Puerto Rico's federally qualified community health centers, which treat a growing number of the island's underserved residents, could be hardest hit by the U.S. territory's continuing financial troubles that are devastating its public healthcare programs.
The centers, which serve nearly 1 in 10 patients on the island, are particularly dependent on Medicaid funding, according to a recent study by the Milken Institute School of Public Health at George Washington University (PDF).
Medicaid accounts for 54% of community health center revenue, as compared to 42% across the U.S.
“We can't buy equipment or contract with employees if we don't have the money in our budget. We have to work with what we have,” said Leyda Nazario, president of the board of directors for the San Juan-based Puerto Rico Primary Care Association, which oversees the island's federally qualified community health centers.
Puerto Rico is struggling with a $72 billion debt crisis and is facing over $3 billion in federal funding cuts, including significant cuts to Medicaid and Medicare, which together serve more than 75% of the island's 3.5 million people.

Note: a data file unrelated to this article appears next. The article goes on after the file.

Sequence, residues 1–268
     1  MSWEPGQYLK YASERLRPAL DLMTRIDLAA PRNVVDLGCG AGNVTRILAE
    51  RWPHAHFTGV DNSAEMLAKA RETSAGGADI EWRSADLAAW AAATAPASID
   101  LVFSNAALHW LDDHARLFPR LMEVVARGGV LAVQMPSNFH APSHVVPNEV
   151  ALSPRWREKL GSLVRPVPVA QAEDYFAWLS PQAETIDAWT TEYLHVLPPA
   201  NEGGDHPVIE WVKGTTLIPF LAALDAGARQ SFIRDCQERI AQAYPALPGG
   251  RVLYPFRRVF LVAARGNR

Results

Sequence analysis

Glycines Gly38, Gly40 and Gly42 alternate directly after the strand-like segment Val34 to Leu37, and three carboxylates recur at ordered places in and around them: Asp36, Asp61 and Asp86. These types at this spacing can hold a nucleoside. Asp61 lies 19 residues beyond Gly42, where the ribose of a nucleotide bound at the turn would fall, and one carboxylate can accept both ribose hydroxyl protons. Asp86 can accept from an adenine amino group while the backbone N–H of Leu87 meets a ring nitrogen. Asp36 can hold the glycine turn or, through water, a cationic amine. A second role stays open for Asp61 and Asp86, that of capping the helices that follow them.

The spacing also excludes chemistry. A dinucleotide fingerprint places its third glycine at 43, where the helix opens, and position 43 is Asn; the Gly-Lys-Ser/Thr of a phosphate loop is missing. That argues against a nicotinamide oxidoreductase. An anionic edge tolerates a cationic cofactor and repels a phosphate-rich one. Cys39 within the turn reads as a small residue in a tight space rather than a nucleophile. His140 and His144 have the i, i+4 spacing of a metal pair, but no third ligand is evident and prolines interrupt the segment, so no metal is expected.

The island already receives lower Medicaid funding levels than the rest of the U.S., with per capita spending about 70% lower than the national average. Reimbursements to the territory's widely used Medicare Advantage plans are 40% lower than comparable plans on the mainland, according to the study.
Medicare Part A spending for hospital care is also about a third lower than on the mainland, and the program must cover a far greater range of services because Part B coverage for physician services like those provided by health centers is not automatic like it is on the mainland. The study noted 18% of Puerto Ricans were only covered by Part A, and the absence of a Medicare low income subsidy program has put additional stress on the Medicaid program.
The Affordable Care Act provided an additional $5.4 billion in federal Medicaid funding to Puerto Rico between 2011 and 2019, but the island has to come up with $1.8 billion by 2018 for Medicaid or it will have to significantly cut the program.
Community health centers in Puerto Rico would also suffer from expected 11% cuts in payments to Medicare Advantage plans. Roughly 9% of patients who use community health centers have Medicare, most through Medicare Advantage. Medicare Advantage is much more popular in Puerto Rico than in the U.S. because the island leans on it to make up for inadequate Medicare funding. Puerto Rico has a 75% participation rate in Medicare Advantage compared to 32% on the mainland, and 16 out of Puerto Rico's 20 community health centers participate in the program.